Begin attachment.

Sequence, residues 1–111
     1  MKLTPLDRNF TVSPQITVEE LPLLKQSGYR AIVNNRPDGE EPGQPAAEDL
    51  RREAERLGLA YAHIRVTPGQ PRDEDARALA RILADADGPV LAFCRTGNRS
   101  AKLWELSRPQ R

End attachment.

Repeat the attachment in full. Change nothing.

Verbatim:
Sequence, residues 1–111
     1  MKLTPLDRNF TVSPQITVEE LPLLKQSGYR AIVNNRPDGE EPGQPAAEDL
    51  RREAERLGLA YAHIRVTPGQ PRDEDARALA RILADADGPV LAFCRTGNRS
   101  AKLWELSRPQ R